Sepsis is a severe reaction to an infection that causes the body to attack itself. The condition can be life-threatening if it's not caught early enough or if the infected person doesn't receive immediate medical attention. Though sepsis is more common in infants and those with pre-existing medical conditions, it's possible for a teen to develop the illness as well, according to the KidsHealth website. Because it can threaten your teen's life, knowing the signs and symptoms of sepsis is crucial.
Definition and Prevalence
Sepsis is a complication associated with a pre-existing infection. According to MayoClinic.com, sepsis occurs when the chemicals your teen's body gives off to fight an infection get into his bloodstream and cause inflammation. Sepsis is defined simply as the inflammation, and it can lead to organ damage, organ failure and death. Sepsis can occur even in healthy individuals, but it's more likely to affect newborn babies, the elderly and people with compromised immune systems, such as those with HIV or AIDS.
Any kind of infection puts your teen at an increased risk for developing sepsis, but certain things put her at the highest risk. The infections that most commonly lead to sepsis include pneumonia, kidney infections, bloodstream infections and infections in the abdomen, according to MayoClinic.com. If your teen has a heart defect, is prone to urinary tract infections, has suffered a serious injury or has sustained major burns, she's at a higher risk for sepsis as well, the Drugs.com website reports. Your teen is also at a higher risk for sepsis if she's been in the hospital for an extended period of time because of surgery or for treatment of another illness.
Signs and Symptoms
A fever is a primary symptom of sepsis, but since a fever is also present with many other conditions, it's essential to be on the lookout for additional signs that your teen might be developing this complication. According to MayoClinic.com, your teen's temperature might drop lower than normal instead, which is another indication that he's developing sepsis. A rapid heart rate of over 90 beats per minute or a rapid breathing rate of over 20 breaths per minute are additional red flags for sepsis. Loss of appetite, reduced urination, weakness and drowsiness are other symptoms you might notice if your teen has sepsis.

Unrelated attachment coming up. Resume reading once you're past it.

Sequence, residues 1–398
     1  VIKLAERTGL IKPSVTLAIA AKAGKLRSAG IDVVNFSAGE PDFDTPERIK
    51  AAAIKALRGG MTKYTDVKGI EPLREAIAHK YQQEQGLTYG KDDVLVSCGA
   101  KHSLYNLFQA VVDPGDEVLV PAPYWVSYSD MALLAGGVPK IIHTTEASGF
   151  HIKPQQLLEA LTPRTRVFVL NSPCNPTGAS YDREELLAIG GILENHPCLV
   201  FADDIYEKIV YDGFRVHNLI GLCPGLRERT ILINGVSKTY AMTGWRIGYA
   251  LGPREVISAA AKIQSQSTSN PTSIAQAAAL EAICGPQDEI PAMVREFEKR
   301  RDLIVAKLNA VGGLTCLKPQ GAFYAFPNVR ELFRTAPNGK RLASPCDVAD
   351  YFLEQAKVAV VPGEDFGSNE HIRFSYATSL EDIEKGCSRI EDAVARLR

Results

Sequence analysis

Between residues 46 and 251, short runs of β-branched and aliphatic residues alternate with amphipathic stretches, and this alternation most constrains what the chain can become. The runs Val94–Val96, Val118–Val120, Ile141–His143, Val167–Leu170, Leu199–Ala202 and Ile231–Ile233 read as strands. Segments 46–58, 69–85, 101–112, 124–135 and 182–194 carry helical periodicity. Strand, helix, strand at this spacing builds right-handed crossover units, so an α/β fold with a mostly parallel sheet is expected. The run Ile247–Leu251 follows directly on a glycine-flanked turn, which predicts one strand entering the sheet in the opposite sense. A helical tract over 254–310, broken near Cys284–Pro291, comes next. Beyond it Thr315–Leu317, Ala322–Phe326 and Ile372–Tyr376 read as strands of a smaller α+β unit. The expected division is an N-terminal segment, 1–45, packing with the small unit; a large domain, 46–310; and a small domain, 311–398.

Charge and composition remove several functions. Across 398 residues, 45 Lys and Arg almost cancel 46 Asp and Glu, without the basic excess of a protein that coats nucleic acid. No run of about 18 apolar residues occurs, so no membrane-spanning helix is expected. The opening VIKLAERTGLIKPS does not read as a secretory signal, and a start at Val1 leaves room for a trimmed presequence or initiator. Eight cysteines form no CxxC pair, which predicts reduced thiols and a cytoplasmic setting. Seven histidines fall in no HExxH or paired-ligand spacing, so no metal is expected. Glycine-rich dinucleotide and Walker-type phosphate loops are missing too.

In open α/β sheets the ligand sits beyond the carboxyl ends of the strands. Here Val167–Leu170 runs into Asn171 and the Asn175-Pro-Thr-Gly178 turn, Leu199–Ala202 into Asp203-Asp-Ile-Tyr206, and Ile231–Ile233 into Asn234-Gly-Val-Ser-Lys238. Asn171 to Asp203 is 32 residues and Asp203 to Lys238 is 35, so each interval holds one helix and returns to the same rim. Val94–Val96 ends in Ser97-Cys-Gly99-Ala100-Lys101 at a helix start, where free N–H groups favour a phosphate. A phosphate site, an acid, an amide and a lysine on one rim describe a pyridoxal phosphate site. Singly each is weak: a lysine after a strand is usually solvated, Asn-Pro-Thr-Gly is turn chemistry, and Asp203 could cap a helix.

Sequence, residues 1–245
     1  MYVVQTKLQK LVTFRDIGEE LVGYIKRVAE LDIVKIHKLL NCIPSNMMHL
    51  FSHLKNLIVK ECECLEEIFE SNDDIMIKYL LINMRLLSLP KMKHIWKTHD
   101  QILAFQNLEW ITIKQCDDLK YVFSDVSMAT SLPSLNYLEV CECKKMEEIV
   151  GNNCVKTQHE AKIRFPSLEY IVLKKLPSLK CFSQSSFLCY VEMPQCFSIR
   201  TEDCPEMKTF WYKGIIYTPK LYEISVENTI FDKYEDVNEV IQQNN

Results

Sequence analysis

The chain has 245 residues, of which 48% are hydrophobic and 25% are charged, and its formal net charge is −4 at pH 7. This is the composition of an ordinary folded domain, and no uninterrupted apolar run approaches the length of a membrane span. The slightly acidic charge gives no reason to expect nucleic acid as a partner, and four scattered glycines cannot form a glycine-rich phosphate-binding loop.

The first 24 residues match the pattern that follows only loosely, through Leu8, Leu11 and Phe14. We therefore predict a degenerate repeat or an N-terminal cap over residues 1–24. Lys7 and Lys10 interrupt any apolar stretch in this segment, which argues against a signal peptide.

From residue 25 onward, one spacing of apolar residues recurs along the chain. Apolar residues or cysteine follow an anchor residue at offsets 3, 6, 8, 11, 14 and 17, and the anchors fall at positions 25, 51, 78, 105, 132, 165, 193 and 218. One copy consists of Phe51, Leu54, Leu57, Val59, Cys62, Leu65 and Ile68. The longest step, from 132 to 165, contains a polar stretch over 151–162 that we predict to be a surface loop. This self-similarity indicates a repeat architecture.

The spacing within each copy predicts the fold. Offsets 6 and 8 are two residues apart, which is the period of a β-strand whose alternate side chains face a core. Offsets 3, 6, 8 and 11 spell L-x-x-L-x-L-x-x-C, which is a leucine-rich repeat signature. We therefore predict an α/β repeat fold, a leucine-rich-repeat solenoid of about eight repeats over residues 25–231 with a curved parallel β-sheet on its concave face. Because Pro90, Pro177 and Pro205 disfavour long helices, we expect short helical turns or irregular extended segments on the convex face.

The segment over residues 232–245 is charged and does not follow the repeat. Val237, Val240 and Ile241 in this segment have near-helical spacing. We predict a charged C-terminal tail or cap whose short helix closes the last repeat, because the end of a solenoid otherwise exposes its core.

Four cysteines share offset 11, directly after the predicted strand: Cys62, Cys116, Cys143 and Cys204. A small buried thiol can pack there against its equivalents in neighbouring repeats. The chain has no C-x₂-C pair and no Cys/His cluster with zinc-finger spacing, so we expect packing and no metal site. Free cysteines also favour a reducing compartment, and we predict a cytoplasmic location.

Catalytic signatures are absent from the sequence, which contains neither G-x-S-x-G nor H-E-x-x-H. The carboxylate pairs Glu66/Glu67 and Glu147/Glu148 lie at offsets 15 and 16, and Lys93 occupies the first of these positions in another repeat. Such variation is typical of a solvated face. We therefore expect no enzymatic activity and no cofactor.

If your teen develops any symptoms of sepsis, particularly if he's had a recent hospital stay or if he already has an infection, seek medical attention right away. According to Drugs.com, untreated sepsis in children can cause dangerously low blood pressure and lung, brain and kidney damage, so it's essential to seek treatment immediately. Call your teen's pediatrician or head to the emergency room. A doctor will run tests that usually include blood tests, urine samples, cultures and possibly a lumbar puncture, which involves testing your teen's spinal fluid. Once the doctor has determined that your teen has sepsis, he'll start treatment, which can include medication or surgery.
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